In 1997, Shawn Colvin hit it big with her song “Sunny Came Home,” which told the tale of a tortured housewife driven to arson. While it might have seemed like an overnight success to some, Colvin had been performing around the world for more than 20 years, battling all kinds of demons along the way. Her new book, “Diamond in the Rough” ($25, William Morrow), chronicles her journey from a music-obsessed child to a Grammy-winning artist. She’ll be at the Birchmere on July 19 and 20 in support of her new album, “All Fall Down.”

In the book, you say life started when you heard the Beatles.
They were so great! My older brother wasn’t into rock and roll, so I hadn’t heard Elvis or the other popular people of the time. I was not unlike several million teenage or pre-teenage girls who were completely enamored of these guys. I was obsessed with them. They were so brand-new, and I had never heard anything like that.

How did things change even more once you learned how to play the guitar?
I always loved to sing. I sang in the choir; I sang along to all the records I had. But when I learned the guitar, I could accompany myself. I had something else to learn, and I was becoming enamored of acoustic singer-songwriters.

You’ve battled alcoholism, depression, anxiety, failed relationships. How did those struggles impact your songwriting?
It took me a while to learn to write well and to write in my own voice. But I think, especially with the relationships, that it was just great fodder for my songs. It’s painful, and I wanted and needed to express my longing or my pain or my frustration or my bafflement. Deep feelings impact what you want to write about, and oftentimes those deep feelings are troublesome.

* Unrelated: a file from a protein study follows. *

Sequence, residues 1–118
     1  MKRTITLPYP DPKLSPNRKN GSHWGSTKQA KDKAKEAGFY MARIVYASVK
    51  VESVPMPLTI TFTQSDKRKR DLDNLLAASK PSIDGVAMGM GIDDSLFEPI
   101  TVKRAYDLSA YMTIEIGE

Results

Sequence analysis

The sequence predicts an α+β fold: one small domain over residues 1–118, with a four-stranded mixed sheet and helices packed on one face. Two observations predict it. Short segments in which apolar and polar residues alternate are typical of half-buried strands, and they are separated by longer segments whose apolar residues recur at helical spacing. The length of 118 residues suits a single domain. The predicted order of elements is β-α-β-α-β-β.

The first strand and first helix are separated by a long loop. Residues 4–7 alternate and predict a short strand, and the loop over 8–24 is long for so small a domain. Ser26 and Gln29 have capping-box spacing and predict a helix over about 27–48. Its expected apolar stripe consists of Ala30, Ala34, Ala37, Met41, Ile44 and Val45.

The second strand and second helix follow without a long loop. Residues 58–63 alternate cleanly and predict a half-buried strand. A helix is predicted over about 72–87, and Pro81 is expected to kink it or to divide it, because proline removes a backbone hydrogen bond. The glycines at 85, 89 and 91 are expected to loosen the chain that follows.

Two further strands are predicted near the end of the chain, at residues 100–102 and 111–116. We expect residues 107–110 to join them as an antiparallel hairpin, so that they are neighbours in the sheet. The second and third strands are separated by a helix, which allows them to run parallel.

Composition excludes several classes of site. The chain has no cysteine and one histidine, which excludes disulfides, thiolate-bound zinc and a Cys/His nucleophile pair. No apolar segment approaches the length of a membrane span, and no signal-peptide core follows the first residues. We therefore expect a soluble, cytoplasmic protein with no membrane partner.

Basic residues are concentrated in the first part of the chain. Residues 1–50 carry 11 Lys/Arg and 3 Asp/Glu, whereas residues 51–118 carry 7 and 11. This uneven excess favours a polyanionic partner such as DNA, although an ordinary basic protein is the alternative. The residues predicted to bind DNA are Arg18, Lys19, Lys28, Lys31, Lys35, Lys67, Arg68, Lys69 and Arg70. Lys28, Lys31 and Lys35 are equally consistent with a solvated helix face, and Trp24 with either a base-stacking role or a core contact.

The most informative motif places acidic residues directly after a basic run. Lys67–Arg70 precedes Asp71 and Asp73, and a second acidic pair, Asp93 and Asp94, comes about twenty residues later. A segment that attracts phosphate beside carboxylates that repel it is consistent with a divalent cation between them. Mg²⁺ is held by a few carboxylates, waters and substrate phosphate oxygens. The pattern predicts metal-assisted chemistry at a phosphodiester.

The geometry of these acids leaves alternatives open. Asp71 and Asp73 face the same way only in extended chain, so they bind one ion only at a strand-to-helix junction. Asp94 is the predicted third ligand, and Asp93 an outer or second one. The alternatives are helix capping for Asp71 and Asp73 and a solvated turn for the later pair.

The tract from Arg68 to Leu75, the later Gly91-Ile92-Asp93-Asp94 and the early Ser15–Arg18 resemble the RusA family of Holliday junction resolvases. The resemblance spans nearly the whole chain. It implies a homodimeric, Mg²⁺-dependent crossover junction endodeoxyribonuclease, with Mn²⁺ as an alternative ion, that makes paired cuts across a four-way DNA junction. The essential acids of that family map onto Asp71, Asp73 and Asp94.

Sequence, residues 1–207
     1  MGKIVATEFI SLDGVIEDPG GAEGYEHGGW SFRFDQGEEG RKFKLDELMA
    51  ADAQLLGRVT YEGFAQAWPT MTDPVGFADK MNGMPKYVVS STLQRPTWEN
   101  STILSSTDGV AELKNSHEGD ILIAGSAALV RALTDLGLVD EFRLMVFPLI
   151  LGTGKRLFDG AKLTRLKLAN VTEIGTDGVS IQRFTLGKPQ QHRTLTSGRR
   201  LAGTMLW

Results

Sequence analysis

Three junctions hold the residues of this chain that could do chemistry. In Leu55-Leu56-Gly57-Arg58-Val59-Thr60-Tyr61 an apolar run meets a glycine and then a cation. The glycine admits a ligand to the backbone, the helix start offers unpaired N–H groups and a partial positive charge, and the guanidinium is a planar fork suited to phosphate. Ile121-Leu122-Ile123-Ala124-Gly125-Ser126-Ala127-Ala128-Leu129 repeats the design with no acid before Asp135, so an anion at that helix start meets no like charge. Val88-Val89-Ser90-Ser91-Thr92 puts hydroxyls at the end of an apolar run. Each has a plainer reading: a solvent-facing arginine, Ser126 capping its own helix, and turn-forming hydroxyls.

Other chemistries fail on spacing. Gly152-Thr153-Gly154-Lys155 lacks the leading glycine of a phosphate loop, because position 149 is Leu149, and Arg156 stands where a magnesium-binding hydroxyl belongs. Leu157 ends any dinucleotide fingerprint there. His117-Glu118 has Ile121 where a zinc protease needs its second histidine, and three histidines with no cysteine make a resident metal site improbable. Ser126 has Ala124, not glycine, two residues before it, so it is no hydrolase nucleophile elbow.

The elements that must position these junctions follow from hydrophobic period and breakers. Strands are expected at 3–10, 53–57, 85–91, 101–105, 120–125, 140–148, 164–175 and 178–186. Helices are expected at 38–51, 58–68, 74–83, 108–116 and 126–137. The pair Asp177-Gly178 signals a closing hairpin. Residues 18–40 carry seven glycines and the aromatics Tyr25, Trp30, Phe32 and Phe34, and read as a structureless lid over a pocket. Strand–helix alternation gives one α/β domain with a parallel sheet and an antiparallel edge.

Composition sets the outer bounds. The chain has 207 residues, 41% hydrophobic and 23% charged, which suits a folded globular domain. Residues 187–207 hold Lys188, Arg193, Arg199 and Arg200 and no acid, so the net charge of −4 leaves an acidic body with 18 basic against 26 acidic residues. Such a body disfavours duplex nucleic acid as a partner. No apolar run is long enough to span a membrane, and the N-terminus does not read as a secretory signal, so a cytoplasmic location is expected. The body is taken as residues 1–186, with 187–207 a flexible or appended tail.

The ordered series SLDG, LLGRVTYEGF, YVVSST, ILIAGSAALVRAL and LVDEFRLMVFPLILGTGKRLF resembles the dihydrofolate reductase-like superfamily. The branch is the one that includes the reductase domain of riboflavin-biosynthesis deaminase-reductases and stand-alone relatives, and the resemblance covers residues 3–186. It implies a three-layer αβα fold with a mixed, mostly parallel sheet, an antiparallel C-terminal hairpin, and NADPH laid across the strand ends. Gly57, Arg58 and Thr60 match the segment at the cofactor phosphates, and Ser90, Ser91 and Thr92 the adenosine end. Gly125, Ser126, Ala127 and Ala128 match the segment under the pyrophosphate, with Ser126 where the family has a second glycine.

What’s your favorite place to perform in the D.C. area?
The Birchmere has been so good to me, and the audiences have consistently come out to hear me. That’s incredibly gratifying, that there’s a base of fans that has been with me since before I made my first record. It’s very touching. Wolf Trap is also awesome — being there is a great feeling. But I have a lot of nostalgic affection for the Birchmere.

You also have what you call a clothes fetish. Explain!
My mother sewed for us, then I learned how to sew. I love fabric— the different weaves, the different weights and the prints. I love the sculpture of clothing. Unfortunately, this is my cross to bear: I appreciate a well-made, well-designed garment, and they’re not cheap. To me, it’s art.

Has your teenage daughter had any influence on what you wear?
It’s kind of the opposite. She likes the way I dress and borrows things from me, and she lets me style her from time to time. She’s too young. I can’t wear her cutoffs and Converse.